Tearney said that the RHBC had established a web site that will be updated weekly once the regular meetings begin. He said the committee's aim will be transparency and open communication. He encouraged the Senate Council members to consult the web site regularly, but noted both he and Peffer will be available to provide reports and updates to the Senate and Senate Council. Tearney added that he thought the work done by the Samuel committee was good and thorough work, but felt also that the mistake made during the previous analysis involved a lack of communication with the University community. He said that the current RHBC would most likely be over communicative to make sure that transparency was maintained.

Dembo asked if the RHBC's recommendation would be forwarded to the Employee Benefits Committee. Tearney replied that was his understanding.

Tagavi asked if Tearney was retired. Tearney said he will be retired by the time the committee begins its work, but that that his only relationship with the University would be as a retiree. Tagavi asked if the emeriti faculty of the committee, Strupp, was the nominee of the emeriti faculty association. Tearney replied that he was one of the nominees and was selected because he had attended all of the previous committee's meetings and was knowledgeable on the subject. Tagavi asked if the RHBC would consider the ethics of changing the terms of retirement for persons already retired or about to retire. Tearney said he, as one of the committee members, would consider the equity implications of any recommendations. Peffer noted all of the constituent groups were represented on the committee and would therefore give voice to their own particular concerns.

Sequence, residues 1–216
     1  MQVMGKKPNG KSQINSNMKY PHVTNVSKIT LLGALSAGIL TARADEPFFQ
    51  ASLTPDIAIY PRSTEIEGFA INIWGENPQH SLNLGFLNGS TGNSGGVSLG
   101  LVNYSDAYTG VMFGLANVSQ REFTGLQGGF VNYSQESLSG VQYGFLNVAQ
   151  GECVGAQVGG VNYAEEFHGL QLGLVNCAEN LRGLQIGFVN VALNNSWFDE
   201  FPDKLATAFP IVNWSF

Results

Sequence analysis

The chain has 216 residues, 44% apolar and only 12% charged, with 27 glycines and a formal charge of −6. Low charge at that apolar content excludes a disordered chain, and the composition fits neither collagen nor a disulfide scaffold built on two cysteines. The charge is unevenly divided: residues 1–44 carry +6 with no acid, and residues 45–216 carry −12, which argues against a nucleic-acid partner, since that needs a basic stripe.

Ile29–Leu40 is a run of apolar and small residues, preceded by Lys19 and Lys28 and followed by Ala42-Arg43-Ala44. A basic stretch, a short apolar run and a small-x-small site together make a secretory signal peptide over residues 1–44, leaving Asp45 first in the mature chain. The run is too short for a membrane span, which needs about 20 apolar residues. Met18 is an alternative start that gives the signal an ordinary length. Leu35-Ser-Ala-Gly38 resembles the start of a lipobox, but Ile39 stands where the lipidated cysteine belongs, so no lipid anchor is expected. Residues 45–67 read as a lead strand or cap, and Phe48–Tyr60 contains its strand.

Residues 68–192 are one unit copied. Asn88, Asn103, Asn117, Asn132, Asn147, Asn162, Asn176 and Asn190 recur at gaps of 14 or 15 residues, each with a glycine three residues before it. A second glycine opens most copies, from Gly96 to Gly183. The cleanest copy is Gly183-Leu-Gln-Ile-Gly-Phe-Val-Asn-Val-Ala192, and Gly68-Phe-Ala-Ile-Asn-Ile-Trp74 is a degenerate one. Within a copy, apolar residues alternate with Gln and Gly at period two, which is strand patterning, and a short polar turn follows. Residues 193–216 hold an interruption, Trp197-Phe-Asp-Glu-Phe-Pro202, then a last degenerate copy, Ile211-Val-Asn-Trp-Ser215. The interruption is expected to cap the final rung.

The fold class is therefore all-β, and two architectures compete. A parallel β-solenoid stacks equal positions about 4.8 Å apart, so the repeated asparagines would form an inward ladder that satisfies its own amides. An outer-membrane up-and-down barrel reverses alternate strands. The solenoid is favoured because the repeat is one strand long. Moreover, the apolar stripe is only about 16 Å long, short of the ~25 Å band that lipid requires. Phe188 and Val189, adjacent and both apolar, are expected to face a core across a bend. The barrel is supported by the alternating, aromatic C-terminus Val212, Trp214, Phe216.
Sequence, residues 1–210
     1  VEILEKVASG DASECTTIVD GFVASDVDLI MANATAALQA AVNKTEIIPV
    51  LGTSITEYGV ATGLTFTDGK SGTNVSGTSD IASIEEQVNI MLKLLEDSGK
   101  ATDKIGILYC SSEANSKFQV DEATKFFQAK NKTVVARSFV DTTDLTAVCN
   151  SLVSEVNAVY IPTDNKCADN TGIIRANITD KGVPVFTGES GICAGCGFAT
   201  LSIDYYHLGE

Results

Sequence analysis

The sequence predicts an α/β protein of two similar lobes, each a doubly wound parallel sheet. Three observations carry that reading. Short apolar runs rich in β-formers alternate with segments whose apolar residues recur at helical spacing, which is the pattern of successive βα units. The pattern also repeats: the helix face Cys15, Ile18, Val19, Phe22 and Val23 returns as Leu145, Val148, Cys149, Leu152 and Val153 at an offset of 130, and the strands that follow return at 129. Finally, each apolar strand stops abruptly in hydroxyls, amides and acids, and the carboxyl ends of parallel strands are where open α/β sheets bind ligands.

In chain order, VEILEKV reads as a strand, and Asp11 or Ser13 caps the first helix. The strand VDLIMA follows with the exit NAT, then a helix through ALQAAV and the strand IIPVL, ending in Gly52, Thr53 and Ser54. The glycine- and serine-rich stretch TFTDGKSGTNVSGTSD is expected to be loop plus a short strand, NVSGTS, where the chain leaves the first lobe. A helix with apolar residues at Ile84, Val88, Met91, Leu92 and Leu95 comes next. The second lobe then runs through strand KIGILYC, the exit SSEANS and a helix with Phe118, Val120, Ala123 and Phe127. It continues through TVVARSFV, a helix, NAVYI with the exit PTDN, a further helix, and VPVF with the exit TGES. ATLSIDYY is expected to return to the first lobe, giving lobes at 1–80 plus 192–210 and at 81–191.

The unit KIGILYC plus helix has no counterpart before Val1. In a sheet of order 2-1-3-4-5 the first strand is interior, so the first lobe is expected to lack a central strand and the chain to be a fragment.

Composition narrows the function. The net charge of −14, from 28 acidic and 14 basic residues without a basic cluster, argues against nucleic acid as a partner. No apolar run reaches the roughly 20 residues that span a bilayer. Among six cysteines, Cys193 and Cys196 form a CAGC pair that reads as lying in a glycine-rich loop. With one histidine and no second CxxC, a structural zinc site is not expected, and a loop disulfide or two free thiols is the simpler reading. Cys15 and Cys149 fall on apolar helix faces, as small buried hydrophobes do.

Grabau asked if the three reports mentioned by Tearney would be available for public review. Tearney said that was his inclination but would need to receive clearance from the Administration to share the reports. Grabau and Tagavi, among other Senate Council members, applauded Tearney's approach for its openness.

The Chair thanked Tearney and Peffer for attending and looked forward to future updates regarding the RHBC's activities. Tearney and Peffer departed.

4. Proposed Authorship Policy

Proposed Authorship Policy (DOC)

The Chair provided background on the item, noted considerable discussion on the listserv, and asked the Senate Council members for their input. Jones expressed concern about the authority of defining authorship as requiring a concurrence among all authors, which could include students and technicians, when in many cases the Principal Investigator should be responsible for making such a judgment. Bailey said he was uncertain as to why and how the proposal had evolved. The Chair replied that he was interested in hearing the opinions of the Senate Council first but noted that if there was interest beyond the meeting he would be glad to invite EVP Baldwin to attend a future meeting.